The ABCs of Stretching an Education IT Spend
Park Place Hardware Maintenance
Getting the most of your IT spend is as easy as 1-2-3.
As educational institutions at all levels seek stability from pandemic interruptions, IT strategies and related budgets are reemerging as top priorities. The shift to remote learning put a bright spotlight on IT capabilities, and much-needed upgrades. IT leaders within the education sphere are working to do more than ever within increasingly tight budgets.
9 Tips for Optimizing Your Educational Institution’s IT Spend
There are proven ways to get the most of a school system’s or educational institution’s IT spend—and they look a lot like the methods being used by corporations, governments, and non-profits. Here are nine tips worth focusing on:
1. Hone the budget process.
It won’t typically make money materialize, but getting the budget conversation right is important. Invite stakeholders to provide input and return the favor by being fully transparent. Also institute measures to ensure that the IT budget aligns with overall education goals and isn’t a cul de sac off the main education highway.
2. Buy more—but not the best.
The most powerful PCs, servers, and other equipment on the market are designed for extremely intense workloads. Today’s pre-owned IT equipment is more than adequate for most educational needs. There may be exceptions when cutting-edge hardware is warranted, but make sure to note this in advance and not allow the sales process to increase specifications and decrease affordability.
3. Leverage bulk purchases.
On the surface, this is obvious. Roll the year’s (or semester or other timeframe’s) purchasing into one big order and get multiple quotes to identify the best discount. But it’s also possible to go further. A county-wide bundle—beyond the school system—can lead to even better deals from vendors. There are also opportunities for partnerships within the state and with different types of institutions.
4. Do away with the obsolete.
When pinching pennies, it can be tempting to retain any piece of equipment. Sadly, the cost of storing and maintaining obsolete technology, not to mention the added complexity of dealing with media for film projectors, cassette players, VCRs, etc., makes retaining the old school stuff a money-loser. Available funds should be spent on long-lived, modern gear, not on propping up dying technologies.
5. Implement a “hand me down” strategy.
There are dead technologies and then there’s older gear. It’s generally not worth repairing PCs older than 5 years, but storage and server equipment is often good for eight years or more. If it doesn’t fit the purpose for which it was originally intended, reallocating such hardware for less intensive functions is often viable. There are also component-upgrade strategies that can enhance lifespan and save capital.
6. Embrace open source.
Software accounts for more than 30% of IT spending in most businesses, and it’s little different in education. Professional-grade open-source packages exist for almost every need: O/S, word processing, CAD design, spreadsheets, image editing, and so on. Carefully decide when paying for software makes sense and when the savings of open source make it the better choice.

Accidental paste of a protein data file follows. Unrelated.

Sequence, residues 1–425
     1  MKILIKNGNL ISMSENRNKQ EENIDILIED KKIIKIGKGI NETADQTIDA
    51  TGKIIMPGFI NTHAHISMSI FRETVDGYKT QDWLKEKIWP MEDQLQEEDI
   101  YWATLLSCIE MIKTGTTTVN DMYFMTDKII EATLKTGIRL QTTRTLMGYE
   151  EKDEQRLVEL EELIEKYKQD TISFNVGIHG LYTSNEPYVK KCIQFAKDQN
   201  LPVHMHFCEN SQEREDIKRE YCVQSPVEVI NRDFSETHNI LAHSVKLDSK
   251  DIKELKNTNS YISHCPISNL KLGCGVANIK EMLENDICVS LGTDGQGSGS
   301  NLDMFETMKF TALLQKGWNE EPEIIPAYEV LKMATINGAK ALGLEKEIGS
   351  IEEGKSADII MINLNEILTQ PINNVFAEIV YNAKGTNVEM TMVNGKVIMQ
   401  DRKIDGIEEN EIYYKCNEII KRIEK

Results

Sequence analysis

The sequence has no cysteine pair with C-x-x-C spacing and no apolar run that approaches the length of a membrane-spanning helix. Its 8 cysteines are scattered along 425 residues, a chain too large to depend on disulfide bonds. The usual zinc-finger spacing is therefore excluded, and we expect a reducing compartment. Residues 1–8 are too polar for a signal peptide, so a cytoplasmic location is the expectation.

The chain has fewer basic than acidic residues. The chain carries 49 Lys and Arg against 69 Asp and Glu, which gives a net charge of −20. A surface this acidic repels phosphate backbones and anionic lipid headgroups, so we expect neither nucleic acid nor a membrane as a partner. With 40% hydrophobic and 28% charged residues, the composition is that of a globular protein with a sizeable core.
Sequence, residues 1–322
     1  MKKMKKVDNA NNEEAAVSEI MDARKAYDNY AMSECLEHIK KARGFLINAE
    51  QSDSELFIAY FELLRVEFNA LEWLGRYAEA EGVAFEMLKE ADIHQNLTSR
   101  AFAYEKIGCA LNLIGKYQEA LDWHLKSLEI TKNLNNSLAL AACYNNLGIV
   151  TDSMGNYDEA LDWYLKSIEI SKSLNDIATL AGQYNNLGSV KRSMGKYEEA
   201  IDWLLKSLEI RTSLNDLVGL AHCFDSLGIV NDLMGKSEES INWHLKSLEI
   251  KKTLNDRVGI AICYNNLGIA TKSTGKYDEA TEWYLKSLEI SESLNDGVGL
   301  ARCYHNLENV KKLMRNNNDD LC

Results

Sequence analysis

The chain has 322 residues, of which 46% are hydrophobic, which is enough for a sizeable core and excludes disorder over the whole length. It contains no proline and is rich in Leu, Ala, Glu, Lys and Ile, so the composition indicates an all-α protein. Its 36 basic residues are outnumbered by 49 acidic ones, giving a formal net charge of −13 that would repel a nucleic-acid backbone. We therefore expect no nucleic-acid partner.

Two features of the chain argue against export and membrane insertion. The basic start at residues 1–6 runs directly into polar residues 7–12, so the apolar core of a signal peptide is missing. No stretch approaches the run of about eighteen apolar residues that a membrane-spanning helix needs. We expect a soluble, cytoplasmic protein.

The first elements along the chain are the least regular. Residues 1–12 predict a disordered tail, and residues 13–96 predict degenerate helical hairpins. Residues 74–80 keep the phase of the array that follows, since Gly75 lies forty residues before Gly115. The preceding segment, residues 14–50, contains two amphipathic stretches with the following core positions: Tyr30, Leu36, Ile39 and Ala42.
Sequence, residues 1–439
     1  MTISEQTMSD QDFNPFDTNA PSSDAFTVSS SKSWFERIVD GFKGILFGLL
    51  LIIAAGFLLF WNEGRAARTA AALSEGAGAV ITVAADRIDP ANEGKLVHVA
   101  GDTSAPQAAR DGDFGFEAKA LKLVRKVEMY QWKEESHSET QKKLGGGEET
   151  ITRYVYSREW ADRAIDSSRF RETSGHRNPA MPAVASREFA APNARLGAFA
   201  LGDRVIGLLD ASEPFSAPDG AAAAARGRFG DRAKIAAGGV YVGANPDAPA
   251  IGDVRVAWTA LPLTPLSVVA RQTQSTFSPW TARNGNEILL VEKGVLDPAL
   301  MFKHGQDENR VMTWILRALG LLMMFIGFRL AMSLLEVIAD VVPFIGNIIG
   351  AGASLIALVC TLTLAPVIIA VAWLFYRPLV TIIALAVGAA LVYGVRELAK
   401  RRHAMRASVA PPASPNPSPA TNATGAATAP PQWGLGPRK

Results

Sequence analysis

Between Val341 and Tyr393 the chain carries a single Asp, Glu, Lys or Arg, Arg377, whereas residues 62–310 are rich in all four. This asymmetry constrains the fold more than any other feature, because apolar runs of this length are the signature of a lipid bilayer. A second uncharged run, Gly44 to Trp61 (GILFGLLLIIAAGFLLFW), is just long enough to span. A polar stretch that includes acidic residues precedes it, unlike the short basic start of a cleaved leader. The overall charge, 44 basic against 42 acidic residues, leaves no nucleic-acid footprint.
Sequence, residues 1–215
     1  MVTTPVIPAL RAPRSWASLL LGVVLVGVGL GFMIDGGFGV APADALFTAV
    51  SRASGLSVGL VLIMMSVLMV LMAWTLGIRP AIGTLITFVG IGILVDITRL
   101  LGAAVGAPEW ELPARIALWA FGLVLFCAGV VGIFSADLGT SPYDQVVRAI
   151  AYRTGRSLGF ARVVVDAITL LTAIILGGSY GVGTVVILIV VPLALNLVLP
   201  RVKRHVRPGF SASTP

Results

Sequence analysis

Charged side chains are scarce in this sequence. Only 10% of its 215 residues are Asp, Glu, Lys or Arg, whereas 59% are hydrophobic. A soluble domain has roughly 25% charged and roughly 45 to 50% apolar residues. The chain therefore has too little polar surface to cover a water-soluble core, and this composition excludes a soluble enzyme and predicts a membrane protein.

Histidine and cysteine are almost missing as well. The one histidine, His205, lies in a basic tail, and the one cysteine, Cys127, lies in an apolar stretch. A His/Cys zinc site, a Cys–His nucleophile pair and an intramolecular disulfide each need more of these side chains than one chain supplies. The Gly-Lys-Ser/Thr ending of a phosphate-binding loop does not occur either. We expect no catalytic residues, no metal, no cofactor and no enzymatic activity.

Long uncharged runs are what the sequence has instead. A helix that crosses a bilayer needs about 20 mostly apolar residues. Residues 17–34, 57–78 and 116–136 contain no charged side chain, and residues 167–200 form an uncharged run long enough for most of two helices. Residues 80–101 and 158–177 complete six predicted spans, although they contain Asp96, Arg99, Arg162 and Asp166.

7. Enter the cloud.
The availability of cloud-based services may be one of the greatest innovations to affect education. By utilizing processing power and storage that reside off-premises, cloud services reduce pressures on IT staff. They also enable access to the capabilities from anywhere and any machine, making integration throughout a school district, access for teachers at home, and other formerly “tough tasks” nearly effortless. Additionally, cloud-only computers, such as Netbooks, can provide all the functionality needed for students in the classroom, teachers, or administrators at a fraction of the cost of a full-fledged PC.
Move toward a single hardware and software configuration for each main type of installation (e.g., classroom PC, administrator PC, etc.). This maximizes bulk purchasing power while reducing maintenance costs, limiting spares inventory requirements, and minimizing training needed for support staff. What’s more, it facilitates legacy compatibility down the road.
9. Focus on training.
Every device and application needs instructions and training materials, so staff understands what it is, how to use it, and most importantly, why it is useful. Without such information, the shiny new things included in a tight education budget just won’t get used—and staff and students will suffer.
The pandemic has changed many facets of life and business, but the most important advice from the experts is consistent: Start with goal-setting. Technology is only useful if it serves a purpose. Figure out the objectives, then decide how IT can support them.
Park Place Technologies can help stretch your education institution’s IT budget with our world-class service and support for after-warranty data center storage, server, and networking equipment, which includes third-party data center hardware maintenance, data center professional services, infrastructure managed services, enterprise network monitoring and management, and hardware sales.